Are Control Rooms the New Cockpits?

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Speaking of ABC News’ Brian Ross (whom I don’t know personally), he had a chilling report last night on a new terrorist threat identified from the cache of documents and data found in Osama bin Laden’s compound. That prompted the feds to issue a pretty disturbing advisory that I’m surprised hasn’t gotten more attention:

A new terror alert from the Department of Homeland Security…titled Insider Threat to Utilities, warns “violent extremists have, in fact, obtained insider positions,” and that “outsiders have attempted to solicit utility-sector employees” for damaging physical and cyber attacks.

“Based on the reliable reporting of previous incidents, we have high confidence in our judgment that insiders and their actions pose a significant threat to the infrastructure and information systems of U.S. facilities,” the bulletin reads in part. “Past events and reporting also provide high confidence in our judgment that insider information on sites, infrastructure, networks, and personnel is valuable to our adversaries and may increase the impact of any attack on the utilities infrastructure.”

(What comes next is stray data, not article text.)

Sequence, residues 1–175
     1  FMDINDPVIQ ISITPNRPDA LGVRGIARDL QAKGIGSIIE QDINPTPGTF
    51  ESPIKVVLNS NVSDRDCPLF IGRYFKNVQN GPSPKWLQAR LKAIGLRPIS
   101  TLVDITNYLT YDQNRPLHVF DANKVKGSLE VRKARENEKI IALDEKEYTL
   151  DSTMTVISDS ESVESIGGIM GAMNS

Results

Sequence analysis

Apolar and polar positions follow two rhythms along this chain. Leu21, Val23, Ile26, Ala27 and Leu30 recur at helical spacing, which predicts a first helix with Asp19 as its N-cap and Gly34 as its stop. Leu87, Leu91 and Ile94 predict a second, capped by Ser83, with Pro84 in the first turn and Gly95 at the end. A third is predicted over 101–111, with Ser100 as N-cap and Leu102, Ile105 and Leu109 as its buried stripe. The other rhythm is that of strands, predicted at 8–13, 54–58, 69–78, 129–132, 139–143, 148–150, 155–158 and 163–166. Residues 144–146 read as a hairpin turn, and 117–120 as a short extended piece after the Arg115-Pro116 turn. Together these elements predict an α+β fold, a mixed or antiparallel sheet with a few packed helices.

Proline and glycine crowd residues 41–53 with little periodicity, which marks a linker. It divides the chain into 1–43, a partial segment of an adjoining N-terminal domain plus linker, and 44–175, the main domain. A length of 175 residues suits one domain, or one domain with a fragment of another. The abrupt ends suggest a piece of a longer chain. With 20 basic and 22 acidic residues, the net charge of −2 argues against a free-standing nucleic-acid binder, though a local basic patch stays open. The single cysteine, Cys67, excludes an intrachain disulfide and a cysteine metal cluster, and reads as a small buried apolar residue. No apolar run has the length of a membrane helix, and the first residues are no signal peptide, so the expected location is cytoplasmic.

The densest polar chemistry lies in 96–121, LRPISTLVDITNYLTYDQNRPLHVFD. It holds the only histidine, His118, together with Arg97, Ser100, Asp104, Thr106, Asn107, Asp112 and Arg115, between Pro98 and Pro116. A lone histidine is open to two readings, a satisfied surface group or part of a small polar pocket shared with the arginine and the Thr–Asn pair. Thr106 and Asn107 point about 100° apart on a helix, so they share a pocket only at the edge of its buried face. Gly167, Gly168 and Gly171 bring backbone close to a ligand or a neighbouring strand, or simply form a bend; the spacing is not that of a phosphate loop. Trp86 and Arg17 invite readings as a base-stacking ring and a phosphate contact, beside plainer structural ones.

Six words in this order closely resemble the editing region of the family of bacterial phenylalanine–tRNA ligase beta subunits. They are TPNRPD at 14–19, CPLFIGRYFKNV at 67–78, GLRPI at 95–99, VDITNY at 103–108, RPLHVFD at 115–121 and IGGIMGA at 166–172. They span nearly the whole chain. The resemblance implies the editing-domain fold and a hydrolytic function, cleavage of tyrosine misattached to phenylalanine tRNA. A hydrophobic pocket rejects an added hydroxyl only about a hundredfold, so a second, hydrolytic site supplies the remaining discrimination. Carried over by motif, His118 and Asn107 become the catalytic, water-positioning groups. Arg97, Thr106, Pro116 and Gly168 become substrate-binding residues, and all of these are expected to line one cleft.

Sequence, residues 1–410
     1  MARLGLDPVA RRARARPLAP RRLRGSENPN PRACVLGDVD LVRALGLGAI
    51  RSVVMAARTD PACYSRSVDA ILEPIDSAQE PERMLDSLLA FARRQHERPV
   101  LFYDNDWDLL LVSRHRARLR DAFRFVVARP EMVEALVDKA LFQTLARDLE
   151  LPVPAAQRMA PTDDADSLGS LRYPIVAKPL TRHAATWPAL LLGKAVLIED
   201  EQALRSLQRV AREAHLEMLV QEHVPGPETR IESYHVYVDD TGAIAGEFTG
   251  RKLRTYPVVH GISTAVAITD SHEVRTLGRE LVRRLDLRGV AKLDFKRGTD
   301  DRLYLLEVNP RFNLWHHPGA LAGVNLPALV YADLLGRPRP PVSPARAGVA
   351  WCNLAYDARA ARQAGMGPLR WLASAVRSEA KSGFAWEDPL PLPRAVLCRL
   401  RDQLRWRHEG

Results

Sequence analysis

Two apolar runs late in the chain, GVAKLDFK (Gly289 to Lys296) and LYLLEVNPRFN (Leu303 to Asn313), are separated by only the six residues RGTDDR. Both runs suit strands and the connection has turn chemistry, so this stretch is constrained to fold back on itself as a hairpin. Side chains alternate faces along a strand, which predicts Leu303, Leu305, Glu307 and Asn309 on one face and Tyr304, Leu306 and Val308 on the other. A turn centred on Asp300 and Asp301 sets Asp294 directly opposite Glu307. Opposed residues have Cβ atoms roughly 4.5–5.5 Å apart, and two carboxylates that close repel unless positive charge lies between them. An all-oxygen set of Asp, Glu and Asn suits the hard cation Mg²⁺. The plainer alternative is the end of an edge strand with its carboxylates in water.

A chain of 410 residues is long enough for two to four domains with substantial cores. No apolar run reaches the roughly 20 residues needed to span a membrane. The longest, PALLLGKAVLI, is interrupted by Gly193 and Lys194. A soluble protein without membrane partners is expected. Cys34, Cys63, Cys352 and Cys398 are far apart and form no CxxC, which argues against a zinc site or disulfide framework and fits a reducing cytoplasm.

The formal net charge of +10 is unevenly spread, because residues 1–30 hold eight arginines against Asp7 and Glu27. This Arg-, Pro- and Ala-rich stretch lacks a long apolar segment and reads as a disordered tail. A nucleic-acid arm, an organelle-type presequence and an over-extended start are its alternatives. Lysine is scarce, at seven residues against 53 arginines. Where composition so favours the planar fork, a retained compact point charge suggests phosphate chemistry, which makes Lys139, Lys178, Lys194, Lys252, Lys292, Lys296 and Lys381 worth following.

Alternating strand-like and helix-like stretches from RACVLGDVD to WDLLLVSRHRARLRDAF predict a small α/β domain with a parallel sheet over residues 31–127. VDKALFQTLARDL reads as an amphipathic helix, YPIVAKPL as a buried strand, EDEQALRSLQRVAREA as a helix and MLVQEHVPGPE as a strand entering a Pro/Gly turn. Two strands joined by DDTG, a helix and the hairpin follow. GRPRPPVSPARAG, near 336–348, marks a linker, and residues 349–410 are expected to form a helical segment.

The bolded emphasis is mine. That violent extremists are known to have obtained insider positions strikes me as an awfully big deal. Curiously, threats to utilities don’t get nearly the attention that even the slightest hint of danger on an airplane regularly draws. Are you aware, for instance, that a group of armed men breached the control room of a South African nuclear reactor in 2007 and fled only because a plant worker who had been shot nevertheless managed to sound an alarm. (To this day we don’t know what the intruders were after.) If one or more terrorists who knew what they were doing managed to commandeer the control room of a large public utility, especially one involving energy, the results could be catastrophic.